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The following is a true Easter story by Roger Hawthorne

One of the first Easters of my ministerial career began with a blizzard. I was still a student pastor, and we had arranged to have an ordained pastor come to serve communion. There was a question if he would be able to make it through the storm. To add to the misery, shortly after breakfast, we received word of the death of a woman, one of the 12 brothers and sisters who were members of the congregation. Between the storm, the probable absence of the minister, and the death, I began to anticipate my wife and me having a worship service by ourselves. I stumbled from the parsonage to the church to be sure it would be warm in case anyone should come, then fought my way back for another cup of coffee. This was a blizzard--I could not see the road from the parsonage.

At church-time, I entered the back room, and there were all the teenagers who composed the choir. Eventually the ordained minister stumbled in and I marveled at his dedication to have fought that storm for more than fifty miles...The organist slipped out to begin her prelude while the choir, the minister and I consoled ourselves that perhaps at least a few people had come to the service. Then the organ volume lifted and we began to march in. there in the front row sat the husband and children of the deceased woman; they had driven 30 miles. Around them were aunts, uncles and cousins and they were so packed in the nave that some of them had to stand. Never before had there been so many people in a worship service there.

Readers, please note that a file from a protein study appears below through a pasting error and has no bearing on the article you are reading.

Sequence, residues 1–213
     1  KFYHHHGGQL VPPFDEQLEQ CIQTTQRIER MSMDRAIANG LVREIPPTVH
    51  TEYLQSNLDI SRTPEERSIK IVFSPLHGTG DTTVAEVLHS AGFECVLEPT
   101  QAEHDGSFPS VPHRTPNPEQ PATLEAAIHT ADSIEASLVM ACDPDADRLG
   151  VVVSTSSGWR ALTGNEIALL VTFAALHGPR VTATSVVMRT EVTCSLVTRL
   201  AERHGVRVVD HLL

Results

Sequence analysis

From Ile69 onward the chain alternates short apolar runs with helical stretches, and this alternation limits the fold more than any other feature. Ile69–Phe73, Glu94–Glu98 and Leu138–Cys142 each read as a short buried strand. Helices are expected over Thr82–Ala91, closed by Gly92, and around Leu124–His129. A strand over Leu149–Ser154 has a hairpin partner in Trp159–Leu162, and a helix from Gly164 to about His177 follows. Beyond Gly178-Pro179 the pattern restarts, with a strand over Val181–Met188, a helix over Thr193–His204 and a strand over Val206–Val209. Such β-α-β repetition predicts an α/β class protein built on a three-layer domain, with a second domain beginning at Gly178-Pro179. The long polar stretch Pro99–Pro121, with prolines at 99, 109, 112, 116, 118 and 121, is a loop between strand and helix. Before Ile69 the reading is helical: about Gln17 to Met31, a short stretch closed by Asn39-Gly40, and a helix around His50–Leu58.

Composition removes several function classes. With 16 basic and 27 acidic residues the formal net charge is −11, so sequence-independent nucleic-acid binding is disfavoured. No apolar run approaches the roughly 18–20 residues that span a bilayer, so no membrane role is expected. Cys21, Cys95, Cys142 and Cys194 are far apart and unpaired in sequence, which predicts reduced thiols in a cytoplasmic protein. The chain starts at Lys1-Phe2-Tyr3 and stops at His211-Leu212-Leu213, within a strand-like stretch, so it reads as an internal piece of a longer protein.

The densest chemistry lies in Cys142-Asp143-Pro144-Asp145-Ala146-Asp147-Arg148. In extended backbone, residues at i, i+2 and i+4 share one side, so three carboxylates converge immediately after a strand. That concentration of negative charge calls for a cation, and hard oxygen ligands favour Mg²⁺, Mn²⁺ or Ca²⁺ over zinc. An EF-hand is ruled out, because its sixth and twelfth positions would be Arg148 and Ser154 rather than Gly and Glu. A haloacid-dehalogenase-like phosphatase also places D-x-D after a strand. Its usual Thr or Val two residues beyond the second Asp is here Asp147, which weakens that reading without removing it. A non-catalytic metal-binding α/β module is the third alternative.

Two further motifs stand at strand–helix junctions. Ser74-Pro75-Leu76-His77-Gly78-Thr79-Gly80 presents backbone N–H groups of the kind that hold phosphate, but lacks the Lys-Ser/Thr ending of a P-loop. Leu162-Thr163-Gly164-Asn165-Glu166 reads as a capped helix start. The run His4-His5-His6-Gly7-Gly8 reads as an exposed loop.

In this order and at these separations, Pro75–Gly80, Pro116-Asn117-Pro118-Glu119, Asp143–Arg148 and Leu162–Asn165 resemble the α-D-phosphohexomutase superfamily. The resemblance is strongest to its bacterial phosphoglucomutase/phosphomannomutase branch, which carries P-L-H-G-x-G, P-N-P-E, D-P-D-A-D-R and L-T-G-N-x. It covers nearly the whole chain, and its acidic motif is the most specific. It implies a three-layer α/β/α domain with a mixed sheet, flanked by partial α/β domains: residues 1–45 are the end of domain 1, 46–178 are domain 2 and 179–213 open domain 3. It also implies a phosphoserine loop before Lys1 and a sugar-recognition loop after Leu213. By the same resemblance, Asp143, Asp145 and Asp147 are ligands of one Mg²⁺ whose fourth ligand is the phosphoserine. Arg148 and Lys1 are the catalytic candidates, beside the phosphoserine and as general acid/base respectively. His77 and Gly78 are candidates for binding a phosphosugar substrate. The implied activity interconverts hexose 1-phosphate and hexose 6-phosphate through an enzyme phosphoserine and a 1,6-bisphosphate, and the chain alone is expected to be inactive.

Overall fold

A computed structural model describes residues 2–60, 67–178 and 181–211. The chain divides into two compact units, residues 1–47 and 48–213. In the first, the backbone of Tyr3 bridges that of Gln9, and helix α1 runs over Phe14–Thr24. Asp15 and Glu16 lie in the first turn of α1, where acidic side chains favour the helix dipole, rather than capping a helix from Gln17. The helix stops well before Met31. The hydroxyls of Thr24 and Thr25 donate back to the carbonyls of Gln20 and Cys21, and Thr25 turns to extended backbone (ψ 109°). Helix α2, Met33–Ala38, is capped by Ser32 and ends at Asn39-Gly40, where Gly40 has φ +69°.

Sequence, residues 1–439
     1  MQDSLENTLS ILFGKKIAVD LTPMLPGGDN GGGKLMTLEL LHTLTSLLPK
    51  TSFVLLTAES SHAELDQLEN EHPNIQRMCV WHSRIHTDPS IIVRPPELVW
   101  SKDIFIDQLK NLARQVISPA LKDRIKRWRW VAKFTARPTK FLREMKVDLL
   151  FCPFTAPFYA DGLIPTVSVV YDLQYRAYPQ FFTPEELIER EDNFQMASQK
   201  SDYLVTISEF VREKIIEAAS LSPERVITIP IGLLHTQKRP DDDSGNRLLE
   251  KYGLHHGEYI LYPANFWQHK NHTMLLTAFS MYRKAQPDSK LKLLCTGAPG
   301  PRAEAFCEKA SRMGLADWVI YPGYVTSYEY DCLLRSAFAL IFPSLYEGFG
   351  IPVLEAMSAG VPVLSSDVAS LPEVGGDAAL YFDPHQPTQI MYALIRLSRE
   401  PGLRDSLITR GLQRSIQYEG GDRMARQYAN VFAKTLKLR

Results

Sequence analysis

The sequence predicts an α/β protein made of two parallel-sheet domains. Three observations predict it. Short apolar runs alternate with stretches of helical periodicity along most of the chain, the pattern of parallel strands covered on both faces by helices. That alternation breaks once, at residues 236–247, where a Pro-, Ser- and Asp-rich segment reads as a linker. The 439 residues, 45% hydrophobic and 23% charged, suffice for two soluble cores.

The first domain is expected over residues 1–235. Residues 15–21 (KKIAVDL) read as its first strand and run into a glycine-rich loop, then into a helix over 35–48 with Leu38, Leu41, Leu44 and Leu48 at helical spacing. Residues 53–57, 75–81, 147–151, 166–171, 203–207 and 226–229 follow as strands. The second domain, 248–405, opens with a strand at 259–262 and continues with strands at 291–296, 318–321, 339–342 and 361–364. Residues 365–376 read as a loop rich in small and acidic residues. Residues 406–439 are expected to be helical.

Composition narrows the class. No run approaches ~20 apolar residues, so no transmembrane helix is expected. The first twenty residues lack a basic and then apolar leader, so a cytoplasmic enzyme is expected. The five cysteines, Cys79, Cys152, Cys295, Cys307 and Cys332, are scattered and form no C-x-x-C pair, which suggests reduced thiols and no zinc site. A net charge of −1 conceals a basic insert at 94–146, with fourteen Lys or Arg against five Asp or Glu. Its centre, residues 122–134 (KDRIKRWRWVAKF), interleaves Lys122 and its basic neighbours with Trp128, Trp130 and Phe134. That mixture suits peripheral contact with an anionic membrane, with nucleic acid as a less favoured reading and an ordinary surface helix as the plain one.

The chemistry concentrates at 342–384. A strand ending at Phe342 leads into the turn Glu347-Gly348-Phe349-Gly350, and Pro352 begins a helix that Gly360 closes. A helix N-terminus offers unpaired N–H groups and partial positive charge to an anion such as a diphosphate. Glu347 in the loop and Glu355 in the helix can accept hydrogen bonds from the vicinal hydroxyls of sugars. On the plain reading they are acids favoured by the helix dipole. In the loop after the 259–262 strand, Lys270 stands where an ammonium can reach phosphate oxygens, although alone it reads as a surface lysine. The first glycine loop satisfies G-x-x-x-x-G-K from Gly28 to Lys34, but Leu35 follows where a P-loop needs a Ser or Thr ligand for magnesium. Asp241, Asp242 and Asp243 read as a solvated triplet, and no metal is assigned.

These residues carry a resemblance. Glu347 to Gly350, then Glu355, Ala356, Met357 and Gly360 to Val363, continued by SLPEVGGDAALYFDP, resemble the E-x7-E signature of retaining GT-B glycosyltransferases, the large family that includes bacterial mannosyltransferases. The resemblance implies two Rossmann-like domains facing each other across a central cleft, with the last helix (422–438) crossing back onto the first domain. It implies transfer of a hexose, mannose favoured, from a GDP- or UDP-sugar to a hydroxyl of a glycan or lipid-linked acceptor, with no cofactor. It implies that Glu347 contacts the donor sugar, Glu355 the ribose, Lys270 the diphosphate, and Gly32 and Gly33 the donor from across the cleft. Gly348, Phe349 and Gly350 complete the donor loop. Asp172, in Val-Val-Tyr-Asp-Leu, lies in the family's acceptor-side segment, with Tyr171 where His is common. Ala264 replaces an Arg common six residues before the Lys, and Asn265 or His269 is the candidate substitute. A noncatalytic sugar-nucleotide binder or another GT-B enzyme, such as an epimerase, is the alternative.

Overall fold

The organist moved into the first hymn,"Jesus Christ is risen today, alleluia" In the front row, singing as loudly as any, with tears streaming down their faces,were the husband and children of the deceased woman.

The custom was they were used to coming forward to receive communion at the rail. We bent the rules so that I could help serve. The last man I reached with the wine was the new widower, whose children ranged from elementary to high school in age. My eyes must have been asking a question, for as he replaced the communion glass, he quietly took hold of my arm and whispered, "She has gone home, and we thought we should come home today too, especially today."

Outside the storm raged on, but no one minded for inside the resurrection was being celebrated. And for a certain divinity it was the first time he ever really understood the resurrection.

"If a man die shall he live again?" Yes, for eternity."

Yes, Easter is God’s answer to the world’s no.

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